Striped Skunk

Mephitis mephitis

Order: Carnivora

Husbandry Information

Housing Requirements

  • It is important to have some sort of dig box and hide box. Many skunks can be litter box trained.
  • Cincinnati Zoo: keeps their skunks outside year-round. They have a heated water bowl and heat shield for the winter, and misters, frozen granite blocks and fans in the summer. They’re housed on concrete and their nest boxes contain cardboard chips, shredded paper, newspaper or blankets, depending on the skunk and the season.
  • Lincoln Children’s Zoo: has an indoor and outdoor holding space. Concrete on the inside with a mulch substrate in the outside space. Typically sleeps in hide box all day but wakes up around meals times. Litter box stays in the same corner.

Diet Requirements

  • In the wild, striped skunks eat insects, grubs, small vertebrates (mice, frogs, etc.), eggs, carrion, and berries.
  • In settled areas, skunks can also forage off human garbage.
  • Zoo diet: lite cat food, fruit and veggies (no red pepper, steamed butternut squash), hard boiled egg and mealworms for enrichment (greensboro science center)
  • Point Defiance Zoo & Aquarium skunk diet: fruit mix, vegetables, omnivore chow (2 per day), 50g bugs 2X/week (cockroaches, meal worms, snails, red wigglers, phoenix worms, wax worms, grasshoppers), canned 50g fish 2X/week, 50g chicken 3X/week. The skunk has three meals a day. We also supplement with Vita-skunk. We also only feed protein at the end of the day and produce in the first two feeds.
  • They tend to gorge on food and then vomit, by providing diet in some type of enrichment to help slow them down can take care of the vomit issue
  • Lincoln Children’s Zoo: fed three meals daily. AM/PM Mazuri omnivore chow with a vegetable with a type of protein (mealworms, superworms, crickets, or hardboiled egg) with PM. Midday receives some type of leafy green. Produce is reserved for training and limited in enrichment. Protein is also sometimes used in training. Receives a taurine supplement as part of PM.

Veterinary Concerns

  • Their nails can get really long, need to be trained for nail trims
  • Obesity. They are prone to get fat very easily. A lump at the base of the tail indicates that they are too fat; if you can feel vertebrae then the animal is too thin. You want to feel a smooth taper at the base of its tail.
  • Cincinnati Zoo: Our rabies policy states that if a handler is bitten (and blood is drawn) by a skunk, the handler must seek medical attention from a doctor. The animal is then placed on a 14-day quarantine and is checked daily by Zoo Hospital staff.

Notes on Enrichment & Training

  • Very food motivated, will dig into anything to get diet out, such as paper towel tubes, paper bags, boxes
  • Can easily be harnessed trained so they can be walked for programs or exercise
  • Natural foragers so anything to simulate this behavior is important. This can also aid in keeping nails trimmed with a digging behavior.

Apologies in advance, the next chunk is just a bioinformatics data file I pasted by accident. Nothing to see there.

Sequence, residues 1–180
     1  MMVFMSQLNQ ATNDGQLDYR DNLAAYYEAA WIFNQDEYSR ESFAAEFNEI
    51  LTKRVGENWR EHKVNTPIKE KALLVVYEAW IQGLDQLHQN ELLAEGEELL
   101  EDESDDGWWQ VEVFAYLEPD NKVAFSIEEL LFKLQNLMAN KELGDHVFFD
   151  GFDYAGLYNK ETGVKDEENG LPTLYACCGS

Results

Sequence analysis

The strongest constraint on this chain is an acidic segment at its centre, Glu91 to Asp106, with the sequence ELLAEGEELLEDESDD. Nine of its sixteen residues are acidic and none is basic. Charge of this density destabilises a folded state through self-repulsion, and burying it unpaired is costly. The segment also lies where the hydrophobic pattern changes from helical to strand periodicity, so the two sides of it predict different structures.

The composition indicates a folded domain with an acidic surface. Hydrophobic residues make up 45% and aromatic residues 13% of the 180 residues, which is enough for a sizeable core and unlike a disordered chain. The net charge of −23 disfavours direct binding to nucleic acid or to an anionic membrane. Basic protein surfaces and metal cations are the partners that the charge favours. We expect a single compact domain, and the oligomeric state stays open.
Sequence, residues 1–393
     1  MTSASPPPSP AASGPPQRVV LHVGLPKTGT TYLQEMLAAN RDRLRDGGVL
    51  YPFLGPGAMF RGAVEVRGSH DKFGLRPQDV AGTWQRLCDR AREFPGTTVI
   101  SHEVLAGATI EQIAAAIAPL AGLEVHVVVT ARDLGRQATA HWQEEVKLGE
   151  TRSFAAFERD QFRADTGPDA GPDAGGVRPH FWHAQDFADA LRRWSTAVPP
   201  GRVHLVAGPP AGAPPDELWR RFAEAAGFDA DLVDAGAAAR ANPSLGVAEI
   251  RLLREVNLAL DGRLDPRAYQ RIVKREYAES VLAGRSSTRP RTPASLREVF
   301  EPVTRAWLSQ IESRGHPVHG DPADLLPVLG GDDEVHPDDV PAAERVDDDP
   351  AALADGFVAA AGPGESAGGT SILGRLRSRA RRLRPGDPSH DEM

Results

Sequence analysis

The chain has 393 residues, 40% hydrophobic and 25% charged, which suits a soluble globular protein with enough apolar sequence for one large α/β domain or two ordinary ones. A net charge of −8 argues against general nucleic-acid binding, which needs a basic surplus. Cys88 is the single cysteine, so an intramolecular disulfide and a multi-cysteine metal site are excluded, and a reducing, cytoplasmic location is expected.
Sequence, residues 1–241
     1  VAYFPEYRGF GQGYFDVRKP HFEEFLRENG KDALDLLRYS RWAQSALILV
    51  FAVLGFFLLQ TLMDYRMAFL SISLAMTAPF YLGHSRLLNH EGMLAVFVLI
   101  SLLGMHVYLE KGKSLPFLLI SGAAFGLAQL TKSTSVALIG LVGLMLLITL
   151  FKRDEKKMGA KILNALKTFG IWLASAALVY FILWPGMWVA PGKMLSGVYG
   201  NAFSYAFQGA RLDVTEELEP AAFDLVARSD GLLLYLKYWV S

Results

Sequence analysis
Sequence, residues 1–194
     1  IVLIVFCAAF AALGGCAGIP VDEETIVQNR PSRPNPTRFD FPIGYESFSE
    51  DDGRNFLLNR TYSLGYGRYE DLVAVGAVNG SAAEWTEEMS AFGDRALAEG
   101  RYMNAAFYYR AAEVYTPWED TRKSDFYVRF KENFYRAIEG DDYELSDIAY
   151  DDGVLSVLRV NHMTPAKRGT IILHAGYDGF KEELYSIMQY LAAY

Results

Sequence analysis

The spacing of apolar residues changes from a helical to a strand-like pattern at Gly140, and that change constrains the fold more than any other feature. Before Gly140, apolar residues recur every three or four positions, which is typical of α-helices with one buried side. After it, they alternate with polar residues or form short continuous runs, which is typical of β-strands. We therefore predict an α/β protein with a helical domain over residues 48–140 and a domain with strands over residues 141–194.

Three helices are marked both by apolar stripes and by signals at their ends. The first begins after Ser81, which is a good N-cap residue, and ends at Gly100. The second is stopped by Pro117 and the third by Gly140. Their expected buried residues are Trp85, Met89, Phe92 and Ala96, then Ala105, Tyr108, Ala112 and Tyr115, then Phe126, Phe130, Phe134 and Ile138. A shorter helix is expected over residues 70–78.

• Training to sit on back legs to show how they can swat insects out of the air is fun to showcase.
  • Food delivery via hand can be tricky since skunks can be very food motivated and have sharp little teeth.

Other

Colony or Breeding Management

Individual Identification

Programmatic Information

Transportation

Temperature Guidelines

Crating:

Tips on Presentation

  • Cincinnati Zoo: Holds our interpretive skunks while sitting down and allows visitors to touch their backs, provided they are showing no signs of stress. During school programs they are allowed to run around inside a “puppy pen”. We require all handlers to bring some sort of hide or shelter for the skunks to retreat to during the program.
  • Cincinnati Zoo: Also has trained skunks to run “A to B’s” and walk on hind legs across stage for presentations. They are leash and harness trained, which allows visitors to see them moving and digging.
  • Lincoln Children’s Zoo: walks down a ramp to presentation box and will be picked up and snuggles into your arms while holding. During special tours touching is allowed on her tail but not usually during large presentations.

Touching Techniques

Tips on Handling

  • Hand-reared are the best. Try to handle them as early as you can and often.
  • Skunks can tend to be bitey when playful so diverting them onto a toy instead of your hand.
  • Train them to wear a harness early on. PDZA has found a cat harness works well – Pet Safe Come with me Kitty harness works really well as it has a cinch-able neck has it clips on either side of the belt.
  • use tongs to directly deliver food items during training rather then by hand.
  • Cincinnati Zoo: We breed our interpretive skunks and allow them to be parent reared, though we go in once a week to handle the kits for the first several weeks, then handle them more frequently as they become more independent of their mother.